Pirke Avot chapter four, verse fourteen

Last week’s sage, Johanan Ha-Sandelar, was the friend and traveling companion of this week’s sage, Eleazar b. Shammua. They were the last disciples of Rabbi Akiva, and are credited with bringing forward into the tradition his decisions and thinking. They did not go to Yavneh after the Destruction and expulsion, but set up in Galilee, where legend says that Eleazar’s students crowded into tiny rooms, so crowded that when Judah the Nasi came to study (when he was the Nasi’s son, not the Nasi yet himself), they would not let him squeeze in to make it more crowded. Yet he stayed, and returned even after he had become the leader of the Sanhedrin, to learn from his old teacher some more. Here is the translation of Herbert Danby:

R. Eleazar b. Shammua said: Let the honour of thy disciple be as dear to thee as thine own and as the honor of thy companion, and the honour of thy companion as the fear of thy teacher, and the fear of thy teacher as the fear of Heaven.

Before I go into the language of it, I want to mention two notable moments that bookend his career as a rabbi. He had been a disciple of Rabbi Akiva, as I said, but Akiva had been imprisoned by the Romans and ordaining new Rabbis was prohibited in the wake of the Bar-Koziba rebellion. But then, how would the rabbinate survive? It is said that twenty-four thousand pupils of Rabbi Akiva had died between Passover and Shavuot, and the world was desolate and the Torah was forgotten. Rabbi Jehuda ben Baba, a man of great piety, declared that he would ordain the last of Rabbi Akiva’s pupils, in defiance of the ban. He took them out of town (so that the residents of the town would not killed in retribution) and had completed the ordination ceremony when the Roman soldiers came. The young rabbis escaped, but Jehuda ben Baba was slain. Eleazar ben Shammua, together with his companions, began their life as rabbis surrounded by death.

And ended it, too. Eleazar ben Shammua is one of the Ten Martyrs, who are supposed to be considered as if they had all died on the same day. This is not historically viable, of course, since Rabbi Akiva and Rabbi Jehuda ben Baba are also among the Ten Martyrs, but we don’t necessarily have to take the poem literally. If we take it as evocation or as theme, though, we still have Eleazar ben Shammua dying in the midst of the deaths of the sages. I can’t help, then, looking at this verse as being fundamentally connected with death and the, well, the abbreviation of life. The mortality of mortality. All that.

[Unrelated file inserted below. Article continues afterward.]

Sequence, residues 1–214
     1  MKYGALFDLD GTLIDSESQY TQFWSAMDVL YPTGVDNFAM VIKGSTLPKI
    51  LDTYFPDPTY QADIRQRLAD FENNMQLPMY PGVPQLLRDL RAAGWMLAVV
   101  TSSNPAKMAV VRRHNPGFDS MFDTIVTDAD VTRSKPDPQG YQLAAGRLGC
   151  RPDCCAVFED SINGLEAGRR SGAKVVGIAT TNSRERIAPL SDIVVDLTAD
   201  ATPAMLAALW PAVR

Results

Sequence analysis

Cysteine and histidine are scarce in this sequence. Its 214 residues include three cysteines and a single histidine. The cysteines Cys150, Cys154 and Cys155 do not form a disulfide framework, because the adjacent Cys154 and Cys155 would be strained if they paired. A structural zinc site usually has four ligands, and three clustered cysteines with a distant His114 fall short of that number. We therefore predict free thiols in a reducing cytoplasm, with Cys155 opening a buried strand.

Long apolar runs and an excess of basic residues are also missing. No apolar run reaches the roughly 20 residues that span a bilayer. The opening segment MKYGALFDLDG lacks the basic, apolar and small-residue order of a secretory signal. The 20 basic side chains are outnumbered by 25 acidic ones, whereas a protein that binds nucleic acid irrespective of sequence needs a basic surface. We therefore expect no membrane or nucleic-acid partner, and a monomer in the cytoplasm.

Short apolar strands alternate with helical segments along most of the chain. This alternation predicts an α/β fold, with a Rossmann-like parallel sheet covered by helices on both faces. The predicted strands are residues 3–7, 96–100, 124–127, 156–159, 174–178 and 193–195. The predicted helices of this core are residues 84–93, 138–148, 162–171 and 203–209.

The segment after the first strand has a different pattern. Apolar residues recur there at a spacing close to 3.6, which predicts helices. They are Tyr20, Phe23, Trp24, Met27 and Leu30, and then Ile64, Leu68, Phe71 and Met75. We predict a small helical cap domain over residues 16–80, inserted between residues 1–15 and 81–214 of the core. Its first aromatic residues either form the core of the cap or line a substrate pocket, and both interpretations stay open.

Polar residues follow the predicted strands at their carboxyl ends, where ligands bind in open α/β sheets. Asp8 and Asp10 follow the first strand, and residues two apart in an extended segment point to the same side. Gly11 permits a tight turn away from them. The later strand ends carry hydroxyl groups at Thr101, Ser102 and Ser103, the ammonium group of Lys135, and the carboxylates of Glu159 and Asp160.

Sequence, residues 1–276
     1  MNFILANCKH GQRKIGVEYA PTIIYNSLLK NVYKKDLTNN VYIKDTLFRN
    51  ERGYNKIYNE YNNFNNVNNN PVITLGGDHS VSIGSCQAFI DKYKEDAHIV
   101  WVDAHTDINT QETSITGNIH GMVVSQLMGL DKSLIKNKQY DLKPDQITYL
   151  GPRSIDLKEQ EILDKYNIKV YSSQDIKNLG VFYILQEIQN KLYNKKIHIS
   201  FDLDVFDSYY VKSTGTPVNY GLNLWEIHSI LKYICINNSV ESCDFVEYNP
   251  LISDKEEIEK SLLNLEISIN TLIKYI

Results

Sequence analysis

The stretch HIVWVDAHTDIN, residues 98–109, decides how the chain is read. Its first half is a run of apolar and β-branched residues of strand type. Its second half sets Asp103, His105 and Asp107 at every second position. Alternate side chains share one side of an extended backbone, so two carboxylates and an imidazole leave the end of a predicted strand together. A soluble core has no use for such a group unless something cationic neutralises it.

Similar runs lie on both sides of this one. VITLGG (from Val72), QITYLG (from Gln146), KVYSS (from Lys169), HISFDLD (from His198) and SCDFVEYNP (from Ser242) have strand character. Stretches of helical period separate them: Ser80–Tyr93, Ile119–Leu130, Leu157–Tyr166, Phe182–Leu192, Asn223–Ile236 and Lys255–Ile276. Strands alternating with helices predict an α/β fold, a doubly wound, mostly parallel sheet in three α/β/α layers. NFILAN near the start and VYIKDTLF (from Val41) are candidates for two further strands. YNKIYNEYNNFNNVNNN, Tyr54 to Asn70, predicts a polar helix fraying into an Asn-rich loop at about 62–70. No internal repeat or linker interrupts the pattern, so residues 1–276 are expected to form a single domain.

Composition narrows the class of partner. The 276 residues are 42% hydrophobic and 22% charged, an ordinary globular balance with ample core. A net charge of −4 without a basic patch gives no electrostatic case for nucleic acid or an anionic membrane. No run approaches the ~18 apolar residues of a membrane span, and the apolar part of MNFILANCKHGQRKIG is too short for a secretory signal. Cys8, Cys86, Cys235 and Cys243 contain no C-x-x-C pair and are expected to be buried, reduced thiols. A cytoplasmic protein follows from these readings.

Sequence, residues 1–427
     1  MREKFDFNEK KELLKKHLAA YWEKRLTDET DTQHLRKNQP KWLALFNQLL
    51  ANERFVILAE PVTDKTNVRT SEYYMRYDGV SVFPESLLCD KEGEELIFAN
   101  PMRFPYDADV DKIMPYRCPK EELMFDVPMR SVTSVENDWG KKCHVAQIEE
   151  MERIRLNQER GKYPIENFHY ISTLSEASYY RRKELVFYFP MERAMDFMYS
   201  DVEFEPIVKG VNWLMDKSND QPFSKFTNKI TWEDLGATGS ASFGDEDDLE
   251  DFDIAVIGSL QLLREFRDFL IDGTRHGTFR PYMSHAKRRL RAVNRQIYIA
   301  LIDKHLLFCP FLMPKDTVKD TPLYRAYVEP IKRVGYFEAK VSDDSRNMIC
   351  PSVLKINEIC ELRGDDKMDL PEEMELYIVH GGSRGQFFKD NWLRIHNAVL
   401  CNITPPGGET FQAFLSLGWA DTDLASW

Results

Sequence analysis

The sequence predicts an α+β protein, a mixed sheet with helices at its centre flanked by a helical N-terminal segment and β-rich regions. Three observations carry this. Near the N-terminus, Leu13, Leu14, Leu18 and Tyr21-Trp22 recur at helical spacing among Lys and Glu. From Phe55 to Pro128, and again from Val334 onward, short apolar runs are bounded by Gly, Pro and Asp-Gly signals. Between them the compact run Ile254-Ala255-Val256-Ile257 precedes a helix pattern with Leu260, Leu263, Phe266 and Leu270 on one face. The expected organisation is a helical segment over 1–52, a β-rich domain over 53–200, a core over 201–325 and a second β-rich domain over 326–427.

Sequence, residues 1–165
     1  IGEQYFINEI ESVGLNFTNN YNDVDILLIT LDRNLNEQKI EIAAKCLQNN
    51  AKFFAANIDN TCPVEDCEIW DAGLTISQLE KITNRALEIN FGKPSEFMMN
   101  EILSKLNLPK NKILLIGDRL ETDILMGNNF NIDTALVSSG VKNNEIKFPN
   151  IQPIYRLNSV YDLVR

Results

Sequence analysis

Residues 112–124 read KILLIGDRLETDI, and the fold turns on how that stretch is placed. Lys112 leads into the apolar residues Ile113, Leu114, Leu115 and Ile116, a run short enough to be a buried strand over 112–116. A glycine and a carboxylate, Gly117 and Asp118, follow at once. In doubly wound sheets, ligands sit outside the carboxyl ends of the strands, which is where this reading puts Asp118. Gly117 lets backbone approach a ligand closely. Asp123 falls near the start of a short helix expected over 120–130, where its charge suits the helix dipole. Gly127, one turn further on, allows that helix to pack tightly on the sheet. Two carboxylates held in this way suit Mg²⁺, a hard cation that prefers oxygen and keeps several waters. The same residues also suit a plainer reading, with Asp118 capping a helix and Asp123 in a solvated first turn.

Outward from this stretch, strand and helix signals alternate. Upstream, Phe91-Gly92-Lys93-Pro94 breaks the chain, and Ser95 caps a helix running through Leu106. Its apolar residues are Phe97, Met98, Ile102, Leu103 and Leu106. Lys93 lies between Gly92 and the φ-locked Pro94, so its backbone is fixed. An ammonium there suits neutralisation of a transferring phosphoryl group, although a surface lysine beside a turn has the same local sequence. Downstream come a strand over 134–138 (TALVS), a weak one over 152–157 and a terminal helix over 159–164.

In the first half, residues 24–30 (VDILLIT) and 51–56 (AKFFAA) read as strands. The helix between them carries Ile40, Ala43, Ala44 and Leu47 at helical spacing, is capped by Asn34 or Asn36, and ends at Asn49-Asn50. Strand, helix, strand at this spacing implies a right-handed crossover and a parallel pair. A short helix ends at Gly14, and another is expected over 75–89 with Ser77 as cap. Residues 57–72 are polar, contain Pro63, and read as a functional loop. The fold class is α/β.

And now to the language, because it’s a bit murky, to me (unsurprisingly). The first part is the ch’vod talmid’cha the honor of your student. Chavod can mean honor, or respect, or in the Scripture, glory. Fame, reputation, dignity, something like that. The reputation of your student is your own reputation, and that is pretty clear—the admonition is to remember it, which is always more difficult. This is more than just treat others as you would be treated, this is specific to the relationship of the teacher and the student, where there is (necessarily) a hierarchal distinction, a superiority of knowledge and experience and rank, but not necessarily of respect or honor. Eleazar carried with him the honor and reputation of his teachers, and knew that his students would carry his and his teachers after he had died, and treated them appropriately. It is said that Eleazar ben Shammua lived to be a hundred and three, and was never late to class once. You know?

But in the next part, there’s a turn, the ch’vod chaver’cha, the honor (or whatever) of your friend, should be as c’morah rabach, the fear of your teacher. There is a pun, here, at least in modern Hebrew: morah is the word for a teacher, and although (I believe) they are homonyms and have different roots (although I would be interested to know if they are connected—it seems as if the morah that means fear or awe is connected to the yir’ah that may be connected to guidance or instruction via the fellow who beats the animals for going off the path, but (a) I may be misinterpreting what I’m reading, and (2) what I’m reading may be wrong, as a lot of word origins are) one of the things about my own belief in Scripture is that I can accept that the wordplay is intentional even if Rabbi Eleazar ben Shammua didn’t use those words in that way. Because the words are there for me, and I can draw those connections.